Statistical Applications in Genetics and Molecular Biology
Editor-in-Chief: Sanguinetti, Guido
IMPACT FACTOR 2018: 0.536
5-year IMPACT FACTOR: 0.764
CiteScore 2018: 0.49
SCImago Journal Rank (SJR) 2018: 0.316
Source Normalized Impact per Paper (SNIP) 2018: 0.342
Mathematical Citation Quotient (MCQ) 2017: 0.04
The Generalized Odds Ratio as a Measure of Genetic Risk Effect in the Analysis and Meta-Analysis of Association Studies
The significance of risk effects in genetic association studies is assessed using the odds ratio for various genetic models (dominant, recessive and co-dominant) by merging genotypes. These models are not independent and there is no a priori biological justification for their choice. Consequently, the interpretation of their results can be problematic, especially when multiallelic variants and disease progression are investigated. The introduction of the generalized odds ratio (ORG) may be a remedy. The ORG utilizes the complete genotype distribution and it provides an estimate of the magnitude of the association, given that the mutational load and/or the phenotype are treated as a graded exposure and/or outcome. The performance of the ORG was tested in 13 meta-analyses with binary outcomes (12 with biallelic and one 3-allelic variants) and in one meta-analysis that investigated disease progression. Six biallelic meta-analyses produced a significant ORG, indicating higher risk of disease given that the diseased subjects have a higher mutational load compared to the non-diseased ones. Four of the six meta-analyses showed significance for all genetic models. The multiallelic meta-analysis produced a significant ORG, indicating that the mutational load is implicated in disease susceptibility; on the contrary, the multiple genetic models produced diverse results. In the disease progression meta-analysis, the risk of progression was related to mutational load of the variant whereas the conventional analysis did not reveal this association. Application of the ORG could overcome the shortcomings of multiple model testing or erroneous model specification and provides an alternative and robust way for genetic association testing.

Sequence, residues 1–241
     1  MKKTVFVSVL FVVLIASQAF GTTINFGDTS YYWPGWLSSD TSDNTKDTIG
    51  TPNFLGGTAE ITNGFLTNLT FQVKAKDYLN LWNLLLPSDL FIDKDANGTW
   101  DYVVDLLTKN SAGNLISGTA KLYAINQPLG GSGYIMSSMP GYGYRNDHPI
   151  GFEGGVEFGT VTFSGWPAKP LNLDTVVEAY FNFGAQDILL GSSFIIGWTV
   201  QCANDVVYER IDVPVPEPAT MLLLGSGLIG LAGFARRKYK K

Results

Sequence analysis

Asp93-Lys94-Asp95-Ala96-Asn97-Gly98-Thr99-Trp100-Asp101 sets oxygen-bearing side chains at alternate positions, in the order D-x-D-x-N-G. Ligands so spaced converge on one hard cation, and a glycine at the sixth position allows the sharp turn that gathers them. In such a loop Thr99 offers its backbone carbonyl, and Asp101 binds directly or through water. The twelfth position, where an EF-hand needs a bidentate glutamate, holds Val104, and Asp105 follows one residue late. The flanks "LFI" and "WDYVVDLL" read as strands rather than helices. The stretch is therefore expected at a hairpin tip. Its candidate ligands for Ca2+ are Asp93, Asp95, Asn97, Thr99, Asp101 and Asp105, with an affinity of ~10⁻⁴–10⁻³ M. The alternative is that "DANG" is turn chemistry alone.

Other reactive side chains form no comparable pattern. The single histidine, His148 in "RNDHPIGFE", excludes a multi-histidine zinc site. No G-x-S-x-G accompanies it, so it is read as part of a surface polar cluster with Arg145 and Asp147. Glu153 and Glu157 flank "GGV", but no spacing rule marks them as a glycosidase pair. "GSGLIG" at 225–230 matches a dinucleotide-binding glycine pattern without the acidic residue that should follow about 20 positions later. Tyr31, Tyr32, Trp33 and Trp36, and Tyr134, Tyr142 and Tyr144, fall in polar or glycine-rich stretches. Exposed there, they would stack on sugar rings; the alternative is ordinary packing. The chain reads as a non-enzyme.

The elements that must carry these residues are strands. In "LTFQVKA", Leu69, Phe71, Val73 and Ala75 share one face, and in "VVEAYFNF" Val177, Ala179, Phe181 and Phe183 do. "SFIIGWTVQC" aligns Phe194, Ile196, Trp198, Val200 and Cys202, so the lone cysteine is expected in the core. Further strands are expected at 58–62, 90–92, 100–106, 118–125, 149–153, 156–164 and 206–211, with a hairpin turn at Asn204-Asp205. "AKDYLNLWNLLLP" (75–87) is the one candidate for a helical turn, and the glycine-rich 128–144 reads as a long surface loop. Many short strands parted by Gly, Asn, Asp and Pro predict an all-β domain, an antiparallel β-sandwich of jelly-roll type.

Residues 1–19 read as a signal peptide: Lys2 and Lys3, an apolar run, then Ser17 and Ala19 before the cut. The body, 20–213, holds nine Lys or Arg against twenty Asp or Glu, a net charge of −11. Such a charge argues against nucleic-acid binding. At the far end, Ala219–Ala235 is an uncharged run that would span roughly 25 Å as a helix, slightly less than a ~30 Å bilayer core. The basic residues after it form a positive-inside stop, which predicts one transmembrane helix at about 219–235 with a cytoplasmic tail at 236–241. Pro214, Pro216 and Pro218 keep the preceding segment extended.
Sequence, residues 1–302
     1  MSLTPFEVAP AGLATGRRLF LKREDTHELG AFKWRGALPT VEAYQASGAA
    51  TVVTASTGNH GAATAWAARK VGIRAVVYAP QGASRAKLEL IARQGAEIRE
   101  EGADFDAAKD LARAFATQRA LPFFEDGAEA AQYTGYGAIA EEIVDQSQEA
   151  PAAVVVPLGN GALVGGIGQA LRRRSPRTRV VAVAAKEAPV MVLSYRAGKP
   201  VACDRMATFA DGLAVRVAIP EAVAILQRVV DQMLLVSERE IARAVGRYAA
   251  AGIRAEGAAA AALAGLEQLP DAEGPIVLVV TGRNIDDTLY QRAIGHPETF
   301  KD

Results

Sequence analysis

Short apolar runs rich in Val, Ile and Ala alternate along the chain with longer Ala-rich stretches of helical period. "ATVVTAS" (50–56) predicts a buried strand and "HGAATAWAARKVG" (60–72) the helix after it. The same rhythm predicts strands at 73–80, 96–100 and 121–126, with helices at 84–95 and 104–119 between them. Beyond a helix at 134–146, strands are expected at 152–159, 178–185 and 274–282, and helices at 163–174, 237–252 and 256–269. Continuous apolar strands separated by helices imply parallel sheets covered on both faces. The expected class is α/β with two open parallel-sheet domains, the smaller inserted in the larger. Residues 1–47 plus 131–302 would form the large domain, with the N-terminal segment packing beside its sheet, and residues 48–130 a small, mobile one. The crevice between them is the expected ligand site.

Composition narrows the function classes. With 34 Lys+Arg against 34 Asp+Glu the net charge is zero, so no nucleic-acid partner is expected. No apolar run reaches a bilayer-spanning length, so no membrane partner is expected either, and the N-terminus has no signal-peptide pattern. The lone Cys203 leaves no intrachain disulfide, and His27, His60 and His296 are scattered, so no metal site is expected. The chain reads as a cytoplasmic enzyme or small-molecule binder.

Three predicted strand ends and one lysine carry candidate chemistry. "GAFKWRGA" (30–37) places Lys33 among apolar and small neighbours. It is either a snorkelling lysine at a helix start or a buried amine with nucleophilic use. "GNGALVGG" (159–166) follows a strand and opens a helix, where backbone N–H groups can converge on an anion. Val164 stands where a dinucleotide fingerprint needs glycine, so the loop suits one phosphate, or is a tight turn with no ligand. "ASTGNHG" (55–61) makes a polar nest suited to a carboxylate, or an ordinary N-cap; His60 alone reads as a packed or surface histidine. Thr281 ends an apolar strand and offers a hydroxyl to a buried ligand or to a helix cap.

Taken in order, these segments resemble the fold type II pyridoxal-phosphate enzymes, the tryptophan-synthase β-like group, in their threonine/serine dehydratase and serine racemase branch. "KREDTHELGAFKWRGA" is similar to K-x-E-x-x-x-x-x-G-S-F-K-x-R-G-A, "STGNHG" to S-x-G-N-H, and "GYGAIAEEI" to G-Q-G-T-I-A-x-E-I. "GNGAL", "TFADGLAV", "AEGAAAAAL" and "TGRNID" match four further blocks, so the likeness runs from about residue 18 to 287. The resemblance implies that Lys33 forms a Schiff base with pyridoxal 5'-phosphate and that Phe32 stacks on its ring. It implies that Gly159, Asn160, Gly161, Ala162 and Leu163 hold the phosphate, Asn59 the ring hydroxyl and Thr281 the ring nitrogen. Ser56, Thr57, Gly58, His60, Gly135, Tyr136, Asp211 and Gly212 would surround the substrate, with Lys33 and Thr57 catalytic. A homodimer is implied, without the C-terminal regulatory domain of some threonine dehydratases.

Here you can find all Crossref-listed publications in which this article is cited. If you would like to receive automatic email messages as soon as this article is cited in other publications, simply activate the “Citation Alert” on the top of this page.